Impoverished in his Bolivian homeland, he emigrated to Chile to find work and started at the mine in the barren Atacama Desert just five days before disaster struck.
Carlos Mamani Soliz emerged from the deep yesterday to an offer from Bolivian President Evo Morales to return home -- where a guaranteed job and a house awaited him.
The 24-year-old had a visit from Mr Morales after he was airlifted to the local hospital in Copiapo just hours after he became the fourth man to be raised in the Phoenix capsule.
"It is wonderful to breathe fresh air and see the stars," the miner told Mr Morales, who missed the moment of his rescue after a delayed flight.
The eighth of 11 children, Mr Mamani was born into a family that eked out a living cultivating potatoes and herding sheep and cattle. He moved to Chile four years ago in search of work and moved from mine to mine before getting a job at the San Jose gold and copper mine.
Despite the offer to return to Bolivia with his family, which Mr Morales said was effective immediately, and he would even fly him home in his presidential plane, the miner made it clear he wanted to stay in Chile, at least for a few days.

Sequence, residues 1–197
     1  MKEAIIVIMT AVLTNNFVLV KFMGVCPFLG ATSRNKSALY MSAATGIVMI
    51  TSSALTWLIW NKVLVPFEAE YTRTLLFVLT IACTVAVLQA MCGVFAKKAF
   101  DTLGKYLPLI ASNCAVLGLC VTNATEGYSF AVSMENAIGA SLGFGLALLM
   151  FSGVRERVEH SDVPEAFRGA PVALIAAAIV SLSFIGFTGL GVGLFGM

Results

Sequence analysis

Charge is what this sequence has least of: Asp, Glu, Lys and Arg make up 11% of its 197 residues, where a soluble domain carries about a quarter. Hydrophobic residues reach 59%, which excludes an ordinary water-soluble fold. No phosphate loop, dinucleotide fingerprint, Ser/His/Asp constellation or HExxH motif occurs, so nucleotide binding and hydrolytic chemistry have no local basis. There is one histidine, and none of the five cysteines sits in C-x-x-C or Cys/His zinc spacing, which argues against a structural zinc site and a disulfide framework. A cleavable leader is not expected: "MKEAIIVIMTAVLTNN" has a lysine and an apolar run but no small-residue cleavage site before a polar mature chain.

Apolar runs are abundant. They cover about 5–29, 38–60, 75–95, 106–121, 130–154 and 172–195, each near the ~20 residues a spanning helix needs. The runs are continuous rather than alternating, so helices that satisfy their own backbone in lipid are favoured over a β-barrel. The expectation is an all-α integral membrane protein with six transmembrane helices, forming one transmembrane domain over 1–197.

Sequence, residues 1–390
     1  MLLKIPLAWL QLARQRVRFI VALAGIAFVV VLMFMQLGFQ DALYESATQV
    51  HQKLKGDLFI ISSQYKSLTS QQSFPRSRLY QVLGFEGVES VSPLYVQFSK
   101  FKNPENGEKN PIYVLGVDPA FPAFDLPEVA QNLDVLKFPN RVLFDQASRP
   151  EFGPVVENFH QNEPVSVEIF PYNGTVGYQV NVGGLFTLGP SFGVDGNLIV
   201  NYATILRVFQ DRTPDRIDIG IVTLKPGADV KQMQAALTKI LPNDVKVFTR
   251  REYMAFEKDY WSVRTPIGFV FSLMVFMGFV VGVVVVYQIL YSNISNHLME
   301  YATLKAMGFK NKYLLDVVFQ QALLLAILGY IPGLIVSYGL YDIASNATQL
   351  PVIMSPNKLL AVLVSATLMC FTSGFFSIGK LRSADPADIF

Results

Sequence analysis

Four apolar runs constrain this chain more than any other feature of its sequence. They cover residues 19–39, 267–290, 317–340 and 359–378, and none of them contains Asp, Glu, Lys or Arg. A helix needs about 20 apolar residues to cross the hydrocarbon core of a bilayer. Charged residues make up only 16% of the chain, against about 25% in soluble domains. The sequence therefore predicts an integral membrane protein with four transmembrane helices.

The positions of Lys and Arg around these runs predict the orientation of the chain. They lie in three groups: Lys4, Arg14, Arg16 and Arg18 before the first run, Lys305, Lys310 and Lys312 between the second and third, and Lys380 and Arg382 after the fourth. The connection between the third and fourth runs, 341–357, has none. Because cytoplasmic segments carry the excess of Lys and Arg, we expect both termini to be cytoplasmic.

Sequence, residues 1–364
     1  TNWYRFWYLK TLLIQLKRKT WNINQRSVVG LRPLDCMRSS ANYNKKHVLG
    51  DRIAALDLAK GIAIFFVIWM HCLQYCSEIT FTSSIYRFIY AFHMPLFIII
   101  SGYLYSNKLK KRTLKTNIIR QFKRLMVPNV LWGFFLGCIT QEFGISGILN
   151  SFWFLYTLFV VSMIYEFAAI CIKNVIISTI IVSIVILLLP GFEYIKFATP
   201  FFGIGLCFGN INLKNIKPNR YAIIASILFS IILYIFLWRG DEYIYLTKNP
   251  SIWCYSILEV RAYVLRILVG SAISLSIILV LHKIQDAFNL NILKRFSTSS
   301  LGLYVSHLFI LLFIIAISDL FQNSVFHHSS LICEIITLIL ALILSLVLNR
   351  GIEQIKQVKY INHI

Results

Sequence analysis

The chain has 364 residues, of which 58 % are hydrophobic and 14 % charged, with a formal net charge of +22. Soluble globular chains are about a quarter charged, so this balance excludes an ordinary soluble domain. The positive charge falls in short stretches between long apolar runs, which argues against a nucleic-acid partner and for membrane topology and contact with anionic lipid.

He said he planned to meet up with the 32 other miners on the surface once they had recovered from their ordeal.
He emerged at 3.09am to the sight of Chile's President Sebastian Pinera and the first lady waving Bolivian flags. He gave his wife Veronica such a strong embrace that her hard hat was knocked to the floor. The couple have a one-year-old daughter.
In a moment that won cheers from across the camp, Mr Mamani gestured to the Chilean flag on his T-shirt and shouted "Gracias, Chile!" when he stepped out of the capsule.
He had already secured a place in Chilean hearts after he joined his fellow miners in singing Chile's national anthem on their independence day.